At least I wasn’t in a kayak this time…

STAND-OUT-IN-A-CROWDLast Friday I woke up to a particularly yucky fasting BG: 259. Ew. The night before I had been dropping steadily as bedtime approached and had downed two packets of GU in desperation to get to bed. Apparently I didn’t need them.

I dialed in 4 units. My normal ratio is 1 unit for every 50 mg/dL I need to come down, but since I tend to have stubborn highs in the morning, I kicked it up one unit. I put down my PDM and picked up my Blackberry, clicking in to the calendar section. I had an 8:45am presentation to a group of new hires at my company; training on one of our internal systems. It was dry material and it would be on me to make that hour as interesting as humanly possible – which was going to be a challenge given that it would be their first presentation of the morning and they may not be firing at all cylinders. I took a quick shower and realized my Dexcom sensor had been ripped clear out. Rats, what a waste I grumbled internally. I pressed a new one in to the side of my leg and started it up. My Dex would give me no readings for the next three hours while it calibrated during the “start-up period.”

I dressed for work and headed out – it was 8:00 already when I stopped for a coffee. In a righteous gesture, I eschewed the bagels at the bakery next door, despite their doughy scent wafting over to the coffee shop. Those will ruin your BG until lunch I reminded myself, don’t do it Lex. I gave myself a pat on the back for forgoing that landmine in favor or my egg whites at the office.

As I hopped in the car though, now 8:10, I realized that breakfast would have to wait until after my presentation. I arrived at work at 8:30, printed off some training materials and headed to the conference room, grande coffee in hand.

I cheerfully kicked off the slides, trying to lighten the mood by making jokes about how not-so-exciting the material was. I had given this presentation a dozen times before, but about 10 minutes in, I started stumbling over the words. I couldn’t organize my thoughts. CRAP. I am getting low. I reached for my Dexcom, in my back pocket. Grayed-out screen for the start-up period. No readings.

I looked out at the new hires, their eyes fixed on me. This is not good. I started to panic a little: I had no sugar with me and was literally in the middle of a presentation. If stopped now, I’d be the diabetic girl who almost went in to insulin shock and couldn’t finish her presentation. I’d be the sick kid that they couldn’t count on – who didn’t get asked back for training because of her diabetes. I glanced at the back of the room. JUICE!

The back of the training room was lined with coffee and snacks for the trainees. I paused on my current slide.

“Does anyone have any questions?” I asked as I casually strode to the back of the room. I picked up the apple juice and chugged. I walked back to the front of the room, still drinking the juice. It occurred to me that given that this was a training session and not Power Hour, the fact that I was draining the juice like my life, well, it DID, depend on it, might warrant an explanation. And after all, these trainees were a bunch of sales reps who were going to be selling diabetes drugs in a few short weeks. If they want case studies, shoot, here I am!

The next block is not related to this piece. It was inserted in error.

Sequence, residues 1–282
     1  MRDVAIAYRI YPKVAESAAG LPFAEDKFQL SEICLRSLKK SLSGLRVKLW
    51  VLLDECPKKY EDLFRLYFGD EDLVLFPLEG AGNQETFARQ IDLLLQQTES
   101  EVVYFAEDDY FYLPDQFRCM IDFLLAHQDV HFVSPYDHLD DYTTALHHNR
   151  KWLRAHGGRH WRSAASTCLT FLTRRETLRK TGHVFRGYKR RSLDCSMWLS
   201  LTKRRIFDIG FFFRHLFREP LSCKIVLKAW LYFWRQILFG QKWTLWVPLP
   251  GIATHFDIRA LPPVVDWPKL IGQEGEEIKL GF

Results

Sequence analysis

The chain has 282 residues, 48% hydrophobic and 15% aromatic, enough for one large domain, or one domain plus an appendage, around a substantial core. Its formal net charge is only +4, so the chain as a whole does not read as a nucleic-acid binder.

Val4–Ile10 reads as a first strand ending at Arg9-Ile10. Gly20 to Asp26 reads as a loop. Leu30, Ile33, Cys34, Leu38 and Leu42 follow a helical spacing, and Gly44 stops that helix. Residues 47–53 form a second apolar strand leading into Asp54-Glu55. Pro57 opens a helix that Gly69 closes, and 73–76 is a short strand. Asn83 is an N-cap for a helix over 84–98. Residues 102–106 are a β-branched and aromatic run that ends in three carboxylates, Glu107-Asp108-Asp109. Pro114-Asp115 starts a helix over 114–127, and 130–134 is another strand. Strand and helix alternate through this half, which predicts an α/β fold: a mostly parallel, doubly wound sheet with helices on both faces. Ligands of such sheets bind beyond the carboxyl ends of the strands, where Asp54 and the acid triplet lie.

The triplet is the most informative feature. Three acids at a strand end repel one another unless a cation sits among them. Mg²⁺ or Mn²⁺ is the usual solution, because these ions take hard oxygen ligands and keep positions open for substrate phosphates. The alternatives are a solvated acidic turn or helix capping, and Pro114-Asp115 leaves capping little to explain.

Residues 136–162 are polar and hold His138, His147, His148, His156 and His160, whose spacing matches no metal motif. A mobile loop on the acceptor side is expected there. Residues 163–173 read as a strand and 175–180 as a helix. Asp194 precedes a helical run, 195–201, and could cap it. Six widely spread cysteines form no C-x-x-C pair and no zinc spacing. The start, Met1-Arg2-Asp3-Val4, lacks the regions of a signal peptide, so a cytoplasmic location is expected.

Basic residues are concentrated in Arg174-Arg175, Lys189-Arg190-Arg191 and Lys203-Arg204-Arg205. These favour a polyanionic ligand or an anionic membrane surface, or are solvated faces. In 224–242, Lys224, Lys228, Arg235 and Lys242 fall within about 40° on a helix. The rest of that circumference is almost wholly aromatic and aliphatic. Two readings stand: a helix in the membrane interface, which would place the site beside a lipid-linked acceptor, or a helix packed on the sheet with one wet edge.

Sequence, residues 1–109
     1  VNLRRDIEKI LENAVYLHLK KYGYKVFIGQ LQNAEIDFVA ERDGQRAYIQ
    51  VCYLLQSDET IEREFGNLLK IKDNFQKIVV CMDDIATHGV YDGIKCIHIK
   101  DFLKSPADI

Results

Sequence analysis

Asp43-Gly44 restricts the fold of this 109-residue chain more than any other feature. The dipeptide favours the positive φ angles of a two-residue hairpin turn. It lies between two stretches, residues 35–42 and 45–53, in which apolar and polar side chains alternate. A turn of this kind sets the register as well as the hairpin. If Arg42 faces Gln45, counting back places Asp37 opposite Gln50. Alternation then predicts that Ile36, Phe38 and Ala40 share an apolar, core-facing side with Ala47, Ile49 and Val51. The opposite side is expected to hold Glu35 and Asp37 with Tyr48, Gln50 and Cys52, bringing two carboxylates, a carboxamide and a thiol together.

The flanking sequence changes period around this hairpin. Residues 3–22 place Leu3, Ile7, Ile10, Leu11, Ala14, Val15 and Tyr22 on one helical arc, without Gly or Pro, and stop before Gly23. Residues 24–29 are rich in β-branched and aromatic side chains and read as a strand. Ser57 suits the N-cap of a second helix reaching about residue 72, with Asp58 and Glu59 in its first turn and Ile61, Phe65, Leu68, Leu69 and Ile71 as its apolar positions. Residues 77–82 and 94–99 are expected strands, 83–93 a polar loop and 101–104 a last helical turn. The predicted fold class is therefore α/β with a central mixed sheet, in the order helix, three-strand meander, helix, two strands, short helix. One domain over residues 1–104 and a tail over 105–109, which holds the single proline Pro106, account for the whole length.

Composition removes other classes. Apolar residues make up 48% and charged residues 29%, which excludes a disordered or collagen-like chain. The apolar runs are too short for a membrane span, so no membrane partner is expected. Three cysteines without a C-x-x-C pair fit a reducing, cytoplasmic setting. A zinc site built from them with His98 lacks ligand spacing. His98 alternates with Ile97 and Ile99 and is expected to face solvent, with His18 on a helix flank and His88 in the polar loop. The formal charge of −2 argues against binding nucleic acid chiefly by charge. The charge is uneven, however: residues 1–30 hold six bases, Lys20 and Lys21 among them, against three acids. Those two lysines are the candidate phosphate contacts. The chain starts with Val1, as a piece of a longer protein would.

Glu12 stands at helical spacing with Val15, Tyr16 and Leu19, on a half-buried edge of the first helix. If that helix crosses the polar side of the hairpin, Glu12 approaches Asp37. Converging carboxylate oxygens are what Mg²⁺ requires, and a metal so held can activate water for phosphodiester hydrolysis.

I looked at the class. “I have diabetes and my blood sugar is a little low right now, which is why I’m drinking this juice so fast. More on that next week when I come back for your patient perspective lecture.”

A few of the trainees nodded, some looked a little concerned. I turned my head back to the screen, took a big sip of juice, and pressed on. Crisis averted.

Afterwards, I cursed my lack of planning. I was mad at myself for not testing before the presentation, and mad for over-treating the high blood sugar. But I was the most mad for being so hard on myself. For my first thoughts during that low being “I wonder what they will think?” Maybe I could have planned better, but mistakes are bound to happen with anything you have to worry about 24-7. It doesn’t matter what anyone thinks about what I have to do to take care of myself. If I’m low, I have to get sugar to stay alive. I wear an insulin pump because it helps me control my blood sugars better than shots. I schedule the gym in my Blackberry because it’s a priority for my health. And I need to know that it doesn’t matter what anyone else thinks, or what conclusions they draw, or what stereotypes they peg on me; its up to me to do what I need to do to live my best life. Even if it’s during a presentation, on a date, in the middle of boxing class or in a kayak. Diabetes happens: you manage and move on.

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Comments

You’re awesome and professional. Why would they care? If you’re sick you take care of it, I would hope they respect you for that :) I know that feeling though when you are in the middle of something important and all of a sudden you just KNOW something’s wrong. Really scary.

Sounds like you handled it well. As you said, stuff happens … it’s all about how you frame it. It happened to me when I was visiting our friends in Baton Rouge – I had breakfast at 7 AM and planned lunch for 11:30 – BUT stuff happened and I didn’t get any food until 1:00, by which time I was trembling (curse you/bless you Metformin XR for blocking liver glycogen release). Not a dangerous low, but certainly uncomfortable and my having to excuse myself to eat was embarrassing. Felt a lot better on this past weekend’s Tour training ride (a flat and fast 25 miles from North Harbor Drive through Chula Vista, back up the strand to Coronado Ferry Landing), taking our carb breaks under our watchful trainer’s eye (Julio is just great at that). 4 betes, 1 norm riding.

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